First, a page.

I was born and bred in a fish pond. My father had always been a caretaker of such properties across the country, which by far the only decent job he was able to hold being an unschooled wandering gypsy.
Living in such place(s) had advantages and disadvantages (like living anywhere else I guess. Just don’t ask me because I can’t compare) but we made do. What choice did we have?
Battling typhoon after typhoon when you live in an open space cheek by jowl with the sea is by no means a joke I can tell you. Especially when your livelihood depends on the weather and whatever force(s) of nature decided to come and visit you. A transistor radio was my father’s most cherished possession for obvious reasons. I remember laying batteries next to each other under the blazing sun to prolong/re-enforced its capacity. I had experienced being in a shack when a Tsunami cleared it away clean as if nothing had been there, or waking up in the pouring rain because some storm split our cottage in half. Things like that.
Isolation, in my eyes, is the hardest cross to bear when someone inhabits a space in the middle of nowhere. Primarily for my mother who came from a well-to-do family and was a very sociable person. To find herself saddled with six very young children whom she had to attend to and educate with meager resources must have been quite a trial for her.
To us siblings, isolation means growing up not being socially adept. You see, when one is only dealing with one’s immediate family, one doesn’t have to lie and deceive or conform to social rules. The direct result of that upbringing is a bunch of adults who are brutally honest.
There were fond memories as well, particularly during my childhood when exploring was my main preoccupation and oh, boy there were lots of corners a child could explore in aforesaid settings. But the joint activity we all enjoyed was harvesting the bounty the place had to offer, any time we feel like. I remember watching shrimps’ eyes glow in the dark when my father scooped them with a net for supper or shrieking with joy when the fish jumps happily every time my father piped in a fresh supply of salt water. If the boredom strikes, we could always take our fishing poles and try to catch fish the hard way while our feet dangling in the water, singing on the top of our lungs. Coaxing crabs out of their hiding holes could be a lot of fun too if one is careful enough not to get bitten. I still miss that simple (way of) life.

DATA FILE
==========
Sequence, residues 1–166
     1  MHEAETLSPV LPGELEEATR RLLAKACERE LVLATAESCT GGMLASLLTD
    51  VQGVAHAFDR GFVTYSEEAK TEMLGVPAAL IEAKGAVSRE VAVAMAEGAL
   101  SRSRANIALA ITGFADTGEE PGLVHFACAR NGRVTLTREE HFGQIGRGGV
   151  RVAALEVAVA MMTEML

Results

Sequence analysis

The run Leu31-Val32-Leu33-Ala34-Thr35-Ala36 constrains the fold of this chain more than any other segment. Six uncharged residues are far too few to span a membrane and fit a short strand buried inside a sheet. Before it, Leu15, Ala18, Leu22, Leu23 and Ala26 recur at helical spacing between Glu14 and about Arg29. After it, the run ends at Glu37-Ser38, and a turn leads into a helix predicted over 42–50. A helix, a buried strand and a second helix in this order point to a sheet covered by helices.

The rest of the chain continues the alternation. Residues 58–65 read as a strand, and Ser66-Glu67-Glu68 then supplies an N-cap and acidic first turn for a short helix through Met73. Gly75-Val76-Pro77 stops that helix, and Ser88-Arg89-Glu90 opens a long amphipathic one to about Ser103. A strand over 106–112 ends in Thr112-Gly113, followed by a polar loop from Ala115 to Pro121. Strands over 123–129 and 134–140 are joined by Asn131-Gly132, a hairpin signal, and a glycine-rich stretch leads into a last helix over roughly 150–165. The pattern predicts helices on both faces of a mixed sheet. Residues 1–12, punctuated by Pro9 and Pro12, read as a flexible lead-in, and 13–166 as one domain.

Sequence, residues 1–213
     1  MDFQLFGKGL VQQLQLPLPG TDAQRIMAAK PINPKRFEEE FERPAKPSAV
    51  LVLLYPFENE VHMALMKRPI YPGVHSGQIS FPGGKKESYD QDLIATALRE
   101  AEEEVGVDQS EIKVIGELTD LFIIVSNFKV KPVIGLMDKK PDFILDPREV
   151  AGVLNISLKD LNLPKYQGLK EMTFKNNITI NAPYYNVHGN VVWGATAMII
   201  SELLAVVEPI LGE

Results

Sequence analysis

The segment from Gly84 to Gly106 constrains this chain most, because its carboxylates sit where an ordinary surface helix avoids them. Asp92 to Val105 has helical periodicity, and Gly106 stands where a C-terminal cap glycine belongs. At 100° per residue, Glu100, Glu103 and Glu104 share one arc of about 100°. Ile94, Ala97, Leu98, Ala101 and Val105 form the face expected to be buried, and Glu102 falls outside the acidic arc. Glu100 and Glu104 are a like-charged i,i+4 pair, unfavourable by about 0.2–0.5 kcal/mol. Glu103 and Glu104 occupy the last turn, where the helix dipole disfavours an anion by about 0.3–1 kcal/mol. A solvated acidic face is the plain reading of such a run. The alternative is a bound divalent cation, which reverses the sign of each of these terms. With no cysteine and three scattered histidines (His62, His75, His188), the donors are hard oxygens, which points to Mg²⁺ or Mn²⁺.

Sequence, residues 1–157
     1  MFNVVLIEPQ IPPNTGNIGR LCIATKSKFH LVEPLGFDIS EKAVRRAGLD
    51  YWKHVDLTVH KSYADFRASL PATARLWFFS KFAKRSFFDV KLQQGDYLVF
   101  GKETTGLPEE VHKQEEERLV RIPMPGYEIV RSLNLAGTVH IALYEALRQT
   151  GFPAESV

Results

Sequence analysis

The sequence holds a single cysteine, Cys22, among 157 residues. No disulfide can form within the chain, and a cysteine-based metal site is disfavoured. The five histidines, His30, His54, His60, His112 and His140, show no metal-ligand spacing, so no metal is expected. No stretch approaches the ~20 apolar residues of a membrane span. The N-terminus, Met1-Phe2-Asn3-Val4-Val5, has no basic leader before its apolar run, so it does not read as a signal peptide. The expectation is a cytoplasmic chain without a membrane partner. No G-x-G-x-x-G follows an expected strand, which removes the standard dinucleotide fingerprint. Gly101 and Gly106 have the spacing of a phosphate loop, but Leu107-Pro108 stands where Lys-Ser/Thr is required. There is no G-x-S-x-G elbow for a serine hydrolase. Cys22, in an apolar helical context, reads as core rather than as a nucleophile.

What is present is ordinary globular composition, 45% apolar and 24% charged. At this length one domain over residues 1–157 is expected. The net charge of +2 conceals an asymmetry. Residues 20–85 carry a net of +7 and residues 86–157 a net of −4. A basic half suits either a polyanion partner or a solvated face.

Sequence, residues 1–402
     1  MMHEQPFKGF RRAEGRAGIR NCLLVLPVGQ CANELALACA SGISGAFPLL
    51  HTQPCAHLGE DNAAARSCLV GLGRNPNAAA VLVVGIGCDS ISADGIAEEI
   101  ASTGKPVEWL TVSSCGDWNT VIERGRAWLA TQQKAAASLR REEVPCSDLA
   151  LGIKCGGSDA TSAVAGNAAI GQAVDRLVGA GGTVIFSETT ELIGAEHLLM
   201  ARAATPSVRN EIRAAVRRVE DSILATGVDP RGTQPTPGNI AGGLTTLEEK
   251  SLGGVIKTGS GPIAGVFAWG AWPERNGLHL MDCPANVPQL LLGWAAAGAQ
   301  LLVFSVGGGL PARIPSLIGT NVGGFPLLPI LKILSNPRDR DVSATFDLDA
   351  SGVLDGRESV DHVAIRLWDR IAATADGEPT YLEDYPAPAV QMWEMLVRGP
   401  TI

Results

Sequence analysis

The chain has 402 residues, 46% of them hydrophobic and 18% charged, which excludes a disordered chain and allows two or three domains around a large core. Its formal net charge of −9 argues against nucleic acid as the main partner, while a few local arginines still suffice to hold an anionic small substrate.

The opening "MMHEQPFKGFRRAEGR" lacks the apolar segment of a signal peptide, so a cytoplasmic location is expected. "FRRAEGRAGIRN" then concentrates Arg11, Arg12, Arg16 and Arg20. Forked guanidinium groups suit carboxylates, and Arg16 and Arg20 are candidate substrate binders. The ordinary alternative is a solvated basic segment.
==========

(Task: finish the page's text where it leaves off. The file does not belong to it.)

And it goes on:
Being feed by endless supply of seafood could make someone easily conclude that my favorite meal would be anything that contains any of these delicacies, and that is mainly true; but__ and it is a big but 🙂 they are not the one that was always a treat, that meant “celebration,” or that comforted me and has deep roots in my memory. Hold your breath, here it is… pork chops (or any type of meat but in particular pork chops) are the one I (we, siblings) associated all those happy feelings.
We could not afford to buy meat during those times. Seafood was there for the taking, but meat we eat only on Sundays. My father was paid weekly, and my mother always shopped after the mass, bringing our supply for the whole week; and pork chops were always on the list together with ripe mangoes. Sunday was the only day we were allowed to have desserts, and it was always ripe mangoes.
I remember bargaining at the school’s Christmas parties with fellow students and teachers, asking if they want to exchange their meat for crabs or anything seafood; so desperate I was.
As a young adult, I was a bona fide carnivorous and continued to be one until about fifteen years ago when I decided to adopt a healthier lifestyle. In the first years of my conversion, I banned meat altogether. Only lately, it finds its way back in my menu once in a while. I will still not consume them daily but every time I sit at the table and I have pork chops before me, the meal becomes a feast. It never failed to bring back sweet (and not sweet) memories, sights, smell, sounds included…